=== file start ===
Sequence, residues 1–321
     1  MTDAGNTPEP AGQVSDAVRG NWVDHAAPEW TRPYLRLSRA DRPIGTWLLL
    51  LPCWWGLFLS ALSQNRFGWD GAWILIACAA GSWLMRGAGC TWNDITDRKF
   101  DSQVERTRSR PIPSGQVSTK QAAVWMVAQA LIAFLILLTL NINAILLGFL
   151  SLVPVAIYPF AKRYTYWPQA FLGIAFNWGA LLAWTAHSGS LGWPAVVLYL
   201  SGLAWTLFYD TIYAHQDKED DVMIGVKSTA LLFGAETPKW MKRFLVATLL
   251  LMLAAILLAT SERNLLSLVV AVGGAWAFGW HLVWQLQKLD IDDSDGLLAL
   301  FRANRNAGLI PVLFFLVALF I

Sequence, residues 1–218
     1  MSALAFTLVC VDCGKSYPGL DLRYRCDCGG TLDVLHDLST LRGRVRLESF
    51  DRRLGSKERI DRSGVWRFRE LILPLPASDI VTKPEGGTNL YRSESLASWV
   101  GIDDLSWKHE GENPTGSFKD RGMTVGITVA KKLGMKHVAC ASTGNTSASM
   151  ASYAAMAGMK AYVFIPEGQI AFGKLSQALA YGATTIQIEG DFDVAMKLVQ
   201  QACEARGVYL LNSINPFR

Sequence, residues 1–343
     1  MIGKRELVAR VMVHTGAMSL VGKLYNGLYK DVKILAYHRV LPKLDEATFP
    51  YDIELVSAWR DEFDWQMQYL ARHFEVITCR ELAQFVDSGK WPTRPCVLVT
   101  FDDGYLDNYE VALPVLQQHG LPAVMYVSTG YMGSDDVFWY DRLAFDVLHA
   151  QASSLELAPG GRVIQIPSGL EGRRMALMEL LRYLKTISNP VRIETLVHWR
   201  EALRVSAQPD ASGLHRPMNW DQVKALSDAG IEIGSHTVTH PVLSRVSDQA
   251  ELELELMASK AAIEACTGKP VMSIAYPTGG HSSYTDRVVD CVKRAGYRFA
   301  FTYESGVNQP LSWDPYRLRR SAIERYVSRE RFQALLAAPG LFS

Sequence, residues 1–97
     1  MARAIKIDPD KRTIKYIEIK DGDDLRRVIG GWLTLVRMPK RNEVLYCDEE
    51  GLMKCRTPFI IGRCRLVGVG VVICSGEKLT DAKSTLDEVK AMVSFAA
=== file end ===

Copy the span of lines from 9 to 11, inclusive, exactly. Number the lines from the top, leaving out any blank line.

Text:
Sequence, residues 1–218
     1  MSALAFTLVC VDCGKSYPGL DLRYRCDCGG TLDVLHDLST LRGRVRLESF
    51  DRRLGSKERI DRSGVWRFRE LILPLPASDI VTKPEGGTNL YRSESLASWV